4 cups chicken broth

1/2 c half and half

Salt and pepper

Roast the jalapeno, then sweat it in a paper or plastic bag, remove blackened skin, seeds and membrane, dice. Saute the onion, carrots and celery in butter until soft, about 5 min. Add jalapeno, garlic and saute another minute. Add diced potatoes and corn. Add broth and simmer for 20 minutes until potatoes are soft. Add half and half (or cream or milk to adjust fat levels). Season with salt and pepper to taste. Puree with a hand blender some, but not all, of the soup, if a smoother texture is desired.

Cold cucumber soup

3 cucumbers, peeled, seeded and chopped

3 green onions rough chopped

1 clove garlic

6oz plain greek yogurt

1/2 c light sour cream

1/4c or a rough handful each of parsley and mint

juice of 1/2 lemon

Salt

Puree all of it in a blender or food processor. Chill 2 hours.

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The best thing about summer: Tomatoes!

Finally! My tomato plants are producing lovely bite-size red ones, and slightly larger yellow sungellas. Mostly, I just throw them straight into salads, but I also like to do this marinade, which gives them kind of a sauce. It can be eaten as is or thrown over lettuce, pasta or other grains, like farro or quinoa. It captures the best of summer!

Marinated tomatoes

  • 2c mixed small or cherry tomatoes, quartered
  • 1/3c olive oil (I used the VOM FASS orange!)
  • 2 cloves garlic, smashed
  • 1/2 cup mixed chopped herbs (Basil, parsley, oregano, thyme, tarragon, dill all work)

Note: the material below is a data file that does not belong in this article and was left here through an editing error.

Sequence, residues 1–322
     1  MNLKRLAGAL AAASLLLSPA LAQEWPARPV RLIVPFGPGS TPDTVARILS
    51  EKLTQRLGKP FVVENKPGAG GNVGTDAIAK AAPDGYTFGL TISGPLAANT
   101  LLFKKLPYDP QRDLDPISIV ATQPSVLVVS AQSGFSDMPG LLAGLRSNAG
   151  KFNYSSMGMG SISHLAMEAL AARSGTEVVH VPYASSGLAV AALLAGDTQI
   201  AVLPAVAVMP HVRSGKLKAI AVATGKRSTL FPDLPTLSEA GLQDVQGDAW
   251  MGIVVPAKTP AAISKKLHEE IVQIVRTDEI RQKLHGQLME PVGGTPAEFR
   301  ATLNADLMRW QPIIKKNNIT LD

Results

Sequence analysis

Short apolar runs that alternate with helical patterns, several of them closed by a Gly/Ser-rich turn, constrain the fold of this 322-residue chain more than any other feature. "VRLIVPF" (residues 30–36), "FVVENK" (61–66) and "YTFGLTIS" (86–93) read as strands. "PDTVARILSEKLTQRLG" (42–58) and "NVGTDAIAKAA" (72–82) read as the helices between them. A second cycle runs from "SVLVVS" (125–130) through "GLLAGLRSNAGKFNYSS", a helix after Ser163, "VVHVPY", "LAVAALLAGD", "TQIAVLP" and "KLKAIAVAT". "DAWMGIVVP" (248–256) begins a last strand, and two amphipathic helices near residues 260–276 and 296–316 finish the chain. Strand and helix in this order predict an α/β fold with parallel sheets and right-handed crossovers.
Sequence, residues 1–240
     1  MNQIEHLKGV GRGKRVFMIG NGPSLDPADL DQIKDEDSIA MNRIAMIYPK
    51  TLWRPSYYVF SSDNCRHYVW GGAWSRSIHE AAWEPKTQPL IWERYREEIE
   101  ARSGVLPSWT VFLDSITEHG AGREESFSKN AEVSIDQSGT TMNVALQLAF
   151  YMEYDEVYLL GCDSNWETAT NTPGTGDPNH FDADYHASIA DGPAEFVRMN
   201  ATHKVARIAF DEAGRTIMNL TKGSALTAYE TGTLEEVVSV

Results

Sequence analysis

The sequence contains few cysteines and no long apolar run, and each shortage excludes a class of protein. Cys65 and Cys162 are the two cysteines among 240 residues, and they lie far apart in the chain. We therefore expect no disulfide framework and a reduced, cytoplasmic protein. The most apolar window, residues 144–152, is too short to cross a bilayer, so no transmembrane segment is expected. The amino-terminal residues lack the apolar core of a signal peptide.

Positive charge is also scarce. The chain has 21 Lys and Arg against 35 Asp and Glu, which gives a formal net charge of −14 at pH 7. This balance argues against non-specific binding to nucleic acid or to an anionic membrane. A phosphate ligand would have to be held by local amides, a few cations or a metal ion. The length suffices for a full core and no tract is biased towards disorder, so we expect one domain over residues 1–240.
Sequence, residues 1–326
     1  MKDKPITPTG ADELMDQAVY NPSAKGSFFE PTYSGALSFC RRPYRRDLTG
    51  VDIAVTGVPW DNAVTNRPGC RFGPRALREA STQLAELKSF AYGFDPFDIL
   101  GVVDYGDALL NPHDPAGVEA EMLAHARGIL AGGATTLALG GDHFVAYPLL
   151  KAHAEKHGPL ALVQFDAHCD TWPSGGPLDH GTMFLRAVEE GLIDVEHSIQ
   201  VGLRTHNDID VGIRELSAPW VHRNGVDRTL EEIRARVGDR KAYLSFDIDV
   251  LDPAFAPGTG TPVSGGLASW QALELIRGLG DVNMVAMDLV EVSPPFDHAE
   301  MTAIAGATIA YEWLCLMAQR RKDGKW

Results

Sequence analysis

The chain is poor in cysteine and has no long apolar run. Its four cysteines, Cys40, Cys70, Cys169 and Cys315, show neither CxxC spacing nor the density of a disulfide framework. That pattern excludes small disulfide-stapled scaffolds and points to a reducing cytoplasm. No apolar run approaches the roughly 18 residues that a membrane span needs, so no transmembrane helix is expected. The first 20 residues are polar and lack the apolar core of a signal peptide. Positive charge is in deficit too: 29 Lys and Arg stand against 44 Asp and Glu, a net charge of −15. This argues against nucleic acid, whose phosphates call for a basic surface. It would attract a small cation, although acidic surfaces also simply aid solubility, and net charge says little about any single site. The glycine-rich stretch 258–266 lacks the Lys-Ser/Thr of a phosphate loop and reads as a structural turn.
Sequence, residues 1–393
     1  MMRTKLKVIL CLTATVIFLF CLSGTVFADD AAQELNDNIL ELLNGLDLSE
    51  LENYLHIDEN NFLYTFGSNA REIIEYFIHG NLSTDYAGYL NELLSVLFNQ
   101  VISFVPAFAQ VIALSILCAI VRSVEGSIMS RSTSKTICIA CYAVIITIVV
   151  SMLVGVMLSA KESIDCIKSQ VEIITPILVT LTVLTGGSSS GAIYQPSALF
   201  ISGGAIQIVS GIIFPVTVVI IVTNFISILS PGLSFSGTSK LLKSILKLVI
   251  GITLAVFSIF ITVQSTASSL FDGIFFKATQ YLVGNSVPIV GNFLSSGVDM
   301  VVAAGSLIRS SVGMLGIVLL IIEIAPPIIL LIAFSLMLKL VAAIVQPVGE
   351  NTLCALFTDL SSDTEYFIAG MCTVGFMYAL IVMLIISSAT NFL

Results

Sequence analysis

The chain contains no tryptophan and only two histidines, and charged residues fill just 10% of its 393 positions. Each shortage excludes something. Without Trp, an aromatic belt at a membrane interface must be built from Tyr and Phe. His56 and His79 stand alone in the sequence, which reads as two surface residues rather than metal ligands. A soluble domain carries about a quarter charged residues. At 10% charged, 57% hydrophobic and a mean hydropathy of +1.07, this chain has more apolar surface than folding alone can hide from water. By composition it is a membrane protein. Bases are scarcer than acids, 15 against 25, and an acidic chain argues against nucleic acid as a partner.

• Zest of one lemon & a generous squeeze of lemon juice
  • 1 cucumber, peeled, seeded and cut into half rounds
  • 1c fresh mozzarella balls (Or feta or skip it)

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And one bonus recipe for those of you looking to use a common CSA vegetable: fennel. Chipotle-marinated pork tenderloin with fennel salad. Served it with dill baby red potatoes and corn on the cob with cayenne/lime juice/feta and of course, butter. The pork was flavorful, but not too spicy, for those of you with Minnesota palates 🙂

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Trio of dill salads

First off, a confession. I committed murder for this week’s recipes. Beet murder.

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My least favorite thing about beets is that they are messy to prep. But fun, if one takes the right attitude! 😉

Quick and easy this week while we were at the lake — and attempting to use up the misc share vegs and some lovely dill. I ended up doing a simple lettuce salad with beets, goat cheese and dill, just some of that fab EVOO and balsamic to dress, carrots (threw into a tinfoil packet on the grill while brats cooked and more dill+butter to finish) and cucumber sour cream salad. This one was the highlight–super easy, fresh and healthy.

Creamy Dill Cucumber Salad

1 cup sour cream
3 tablespoons cider vinegar
1 teaspoon sugar
1/4 cup minced fresh dill
Salt and black pepper
3 medium cucumbers (about 1 1/2 pounds)

Halve each cucumber lengthwise, peel and scoop out seeds. Slice into 1/4-inch rounds. Whisk the sour cream, vinegar, sugar, dill and salt and pepper to taste in a medium bowl. Add the cucumbers; toss to coat. Serve chilled. Note: cucumbers have a ton of water in them. Meaning if you don’t like watery salads, you’ll want to sweat the cucumbers first by tossing in salt and letting them sit for an hour or so. Rinse, then toss with sauce. I didn’t find this step necessary since we were eating right away. This salad also called for shaved red onion. No thanks, said the boys.

PS I don’t know about you, but I am itching as my tomatoes start to ripen now….this is the best month of the year!